Rohrbacher & Horrmann Jefferson Flint Glass Company.  Source: The Free Library of Philadelphia

In the early 1890s, architect Horace Castor married Ferdinand’s daughter Elizabeth.  Castor, a master of the Queen Anne and Colonial Revival styles, partnered with engineer George Stearns to build structures for the North Philadelphia industrial elite, among them the Scottish Rite Temple, a mansion for cowboy-hat maker John Stetson, and various other buildings for the Mary Disston, Thomas Harbison,  He also built a grand twin house for himself at 7345 and 7347 Oxford Avenue.  Although prosperous, the Stearns & Castor firm did not break into the insular world of residential design for the Rittenhouse Square elite, a market cornered by the better-connected Frank Furness and Hewitt brothers.

Tiffany glass lamp, c.1900. Source: Wikipedia.com

The most impressive and “artistic” of Stearns & Castor’s commissions was an addition to the  Columbia Club, built in 1899 at the corner of North Broad and Oxford Streets in North Philadelphia.  The original clubhouse, a Queen Anne-style structure designed by the Scottish-born architect John Ord, was erected in 1899, at the height of North Broad Street’s glory years as an upscale residential boulevard.  In 1906, the Columbia Club had enough cash on hand to commission Stearns & Castor to build a large addition to the rear of the structure.  The Philadelphia Inquirerreported that “the building to be erected will be two stories high, covering an area 50×99 feet, and conforming in outward appearance with the present building. The building will contain, beside game rooms, recreation, and reading rooms, a large swimming pool and banquet hall.  The addition, when completed, will cost about $30,000.”

Sadly, no photographs survive of the interior of the now-demolished Columbia Club, but it can be guessed that it had the same Arts & Crafts richness as nearby establishments on North Broad Street.  No roster of its membership can be found, either, but it can safely be assumed that Ferdinand Horrmann was on the roster.  Among its members was leather manufacturer Alfred E. Burk, who lived in a Beaux-Arts mansion at 1500 N. Broad Street that cost $256,000 to build in 1907, or about $4 million in today’s money.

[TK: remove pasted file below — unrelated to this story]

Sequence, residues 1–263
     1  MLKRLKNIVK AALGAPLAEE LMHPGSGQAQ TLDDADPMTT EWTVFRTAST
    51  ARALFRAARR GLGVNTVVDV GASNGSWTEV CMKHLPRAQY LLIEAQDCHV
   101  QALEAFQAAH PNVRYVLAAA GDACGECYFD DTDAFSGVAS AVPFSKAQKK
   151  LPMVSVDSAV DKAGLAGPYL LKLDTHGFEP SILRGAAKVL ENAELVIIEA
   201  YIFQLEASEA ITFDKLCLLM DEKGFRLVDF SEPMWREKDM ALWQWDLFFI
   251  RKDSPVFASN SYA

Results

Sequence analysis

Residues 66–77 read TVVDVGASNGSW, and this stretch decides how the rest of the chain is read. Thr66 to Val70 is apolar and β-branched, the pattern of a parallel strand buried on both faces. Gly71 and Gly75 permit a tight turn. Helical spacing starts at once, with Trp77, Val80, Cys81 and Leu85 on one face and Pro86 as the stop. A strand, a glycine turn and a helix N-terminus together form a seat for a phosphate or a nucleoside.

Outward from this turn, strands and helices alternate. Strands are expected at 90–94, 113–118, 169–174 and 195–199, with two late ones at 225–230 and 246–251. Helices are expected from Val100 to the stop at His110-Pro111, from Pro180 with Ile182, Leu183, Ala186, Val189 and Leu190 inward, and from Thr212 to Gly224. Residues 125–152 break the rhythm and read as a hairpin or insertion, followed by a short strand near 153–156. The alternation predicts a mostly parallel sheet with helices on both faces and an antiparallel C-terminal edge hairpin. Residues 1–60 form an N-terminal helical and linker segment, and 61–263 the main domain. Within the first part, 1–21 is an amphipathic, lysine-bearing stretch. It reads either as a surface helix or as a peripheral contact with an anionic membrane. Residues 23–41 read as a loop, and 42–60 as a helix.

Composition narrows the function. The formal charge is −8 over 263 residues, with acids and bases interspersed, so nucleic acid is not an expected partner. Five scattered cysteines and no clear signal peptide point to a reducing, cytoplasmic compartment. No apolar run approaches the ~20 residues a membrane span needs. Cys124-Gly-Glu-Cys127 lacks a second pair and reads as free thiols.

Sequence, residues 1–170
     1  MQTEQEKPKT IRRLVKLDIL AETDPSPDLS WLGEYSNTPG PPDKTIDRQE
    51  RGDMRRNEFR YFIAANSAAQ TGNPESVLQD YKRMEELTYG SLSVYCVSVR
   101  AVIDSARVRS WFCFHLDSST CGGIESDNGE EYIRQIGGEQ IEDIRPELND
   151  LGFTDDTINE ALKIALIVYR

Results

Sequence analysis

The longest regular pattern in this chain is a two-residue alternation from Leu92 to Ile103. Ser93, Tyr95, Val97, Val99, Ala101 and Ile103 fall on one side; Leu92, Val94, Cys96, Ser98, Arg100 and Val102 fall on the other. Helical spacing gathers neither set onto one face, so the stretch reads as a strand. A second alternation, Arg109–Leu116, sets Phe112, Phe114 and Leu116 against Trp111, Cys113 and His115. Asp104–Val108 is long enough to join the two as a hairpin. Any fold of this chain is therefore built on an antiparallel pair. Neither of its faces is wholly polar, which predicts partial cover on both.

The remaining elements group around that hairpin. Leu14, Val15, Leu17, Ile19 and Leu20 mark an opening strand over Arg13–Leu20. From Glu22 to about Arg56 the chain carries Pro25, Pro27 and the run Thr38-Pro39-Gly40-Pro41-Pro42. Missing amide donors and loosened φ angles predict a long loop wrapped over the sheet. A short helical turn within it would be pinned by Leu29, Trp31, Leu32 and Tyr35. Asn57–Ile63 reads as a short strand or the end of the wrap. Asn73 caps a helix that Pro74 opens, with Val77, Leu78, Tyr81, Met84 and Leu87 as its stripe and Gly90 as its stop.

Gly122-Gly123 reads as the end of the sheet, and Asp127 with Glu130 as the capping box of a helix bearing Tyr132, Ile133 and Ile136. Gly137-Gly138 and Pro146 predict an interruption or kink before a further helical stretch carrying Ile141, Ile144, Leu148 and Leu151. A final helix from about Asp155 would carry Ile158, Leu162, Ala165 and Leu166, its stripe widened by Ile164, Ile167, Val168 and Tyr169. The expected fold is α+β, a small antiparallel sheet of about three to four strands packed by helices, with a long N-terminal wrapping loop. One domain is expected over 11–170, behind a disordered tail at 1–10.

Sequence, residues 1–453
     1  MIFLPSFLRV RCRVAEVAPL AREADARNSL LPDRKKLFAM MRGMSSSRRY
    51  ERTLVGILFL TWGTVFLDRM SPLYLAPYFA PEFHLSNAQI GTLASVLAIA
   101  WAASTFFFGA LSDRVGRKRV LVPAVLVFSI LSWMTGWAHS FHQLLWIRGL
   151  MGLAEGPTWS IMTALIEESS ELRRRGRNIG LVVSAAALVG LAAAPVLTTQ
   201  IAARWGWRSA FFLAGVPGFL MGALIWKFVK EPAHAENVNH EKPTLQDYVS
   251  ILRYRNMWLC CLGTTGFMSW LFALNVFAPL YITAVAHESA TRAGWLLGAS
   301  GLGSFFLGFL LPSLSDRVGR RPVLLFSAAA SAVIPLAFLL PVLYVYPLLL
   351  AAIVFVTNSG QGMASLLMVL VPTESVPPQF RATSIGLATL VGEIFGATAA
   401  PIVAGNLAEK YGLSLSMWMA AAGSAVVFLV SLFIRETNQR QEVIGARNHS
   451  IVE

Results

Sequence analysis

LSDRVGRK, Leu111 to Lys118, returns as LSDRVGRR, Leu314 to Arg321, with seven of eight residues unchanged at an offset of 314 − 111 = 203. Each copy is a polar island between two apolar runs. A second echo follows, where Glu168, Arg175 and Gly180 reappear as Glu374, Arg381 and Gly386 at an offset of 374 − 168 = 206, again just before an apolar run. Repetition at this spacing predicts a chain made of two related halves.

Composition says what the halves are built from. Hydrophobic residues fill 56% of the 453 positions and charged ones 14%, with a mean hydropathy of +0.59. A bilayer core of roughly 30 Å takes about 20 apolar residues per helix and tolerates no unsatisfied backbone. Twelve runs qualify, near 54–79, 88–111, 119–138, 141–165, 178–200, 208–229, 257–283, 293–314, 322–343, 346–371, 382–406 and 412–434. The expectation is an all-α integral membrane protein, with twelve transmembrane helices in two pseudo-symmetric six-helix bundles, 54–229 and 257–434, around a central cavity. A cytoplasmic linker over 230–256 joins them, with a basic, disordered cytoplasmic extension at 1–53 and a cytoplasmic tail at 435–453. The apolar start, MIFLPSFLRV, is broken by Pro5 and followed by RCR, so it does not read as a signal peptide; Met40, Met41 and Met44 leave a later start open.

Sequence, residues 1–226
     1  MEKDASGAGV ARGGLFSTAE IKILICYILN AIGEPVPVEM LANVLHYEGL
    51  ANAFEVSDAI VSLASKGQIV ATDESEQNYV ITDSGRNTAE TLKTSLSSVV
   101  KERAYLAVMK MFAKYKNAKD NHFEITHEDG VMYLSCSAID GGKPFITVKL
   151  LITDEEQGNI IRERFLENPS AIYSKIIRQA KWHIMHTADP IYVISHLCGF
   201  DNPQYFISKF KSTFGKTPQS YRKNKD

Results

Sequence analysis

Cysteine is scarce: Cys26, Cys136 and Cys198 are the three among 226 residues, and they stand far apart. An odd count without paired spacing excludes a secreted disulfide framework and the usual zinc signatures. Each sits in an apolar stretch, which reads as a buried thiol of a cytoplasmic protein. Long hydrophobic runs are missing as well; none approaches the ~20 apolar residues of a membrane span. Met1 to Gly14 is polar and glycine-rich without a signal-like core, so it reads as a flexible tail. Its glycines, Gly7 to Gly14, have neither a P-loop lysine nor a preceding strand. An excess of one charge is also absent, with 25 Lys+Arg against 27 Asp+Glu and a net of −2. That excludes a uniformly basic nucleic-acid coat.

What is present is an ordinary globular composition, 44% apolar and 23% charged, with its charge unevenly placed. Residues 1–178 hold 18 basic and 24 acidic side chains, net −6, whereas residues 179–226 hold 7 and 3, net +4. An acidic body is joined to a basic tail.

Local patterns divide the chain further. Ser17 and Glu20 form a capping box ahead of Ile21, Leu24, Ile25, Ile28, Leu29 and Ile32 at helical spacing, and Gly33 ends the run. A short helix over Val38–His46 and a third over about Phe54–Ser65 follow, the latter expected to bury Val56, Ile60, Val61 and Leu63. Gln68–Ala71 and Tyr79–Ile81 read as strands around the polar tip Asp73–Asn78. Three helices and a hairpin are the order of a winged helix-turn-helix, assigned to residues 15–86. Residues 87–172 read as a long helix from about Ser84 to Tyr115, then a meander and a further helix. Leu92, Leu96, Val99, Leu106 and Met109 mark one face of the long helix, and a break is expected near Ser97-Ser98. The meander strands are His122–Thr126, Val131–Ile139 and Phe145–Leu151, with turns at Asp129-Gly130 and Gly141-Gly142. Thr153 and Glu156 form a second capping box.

Shortly before the completion of the Columbia Club addition, Stearns and Foster published a monograph that highlighted the firm’s most successful projects. However, the American Institute of Architects took great exception to what they saw as flagrant self-promotion.  According to Philadelphia Architects and Buildings:

“From 1905 to 1907 the Minute Books of the Philadelphia Chapter of the AIA report[ed] difficulties with Stearns & Castor regarding the right to advertise. This issue was brought to Chapter attention by the publication of a monograph of the office’s works, no doubt intended indeed to advertise by demonstrating the designs, which they had already successfully completed. Following the stern admonition of the Chapter’s committee on ethics, Stearns & Castor withdrew the publication from circulation, and the matter was thus ended.”

Stearns & Castor withdrew their monograph from circulation, but in 1916 got in hot water again with the AIA for entry in an unauthorized design competition for a Masonic home in Elizabethtown, Pennsylvania.  Its reputation battered, the Stearns & Castor dissolved in 1917.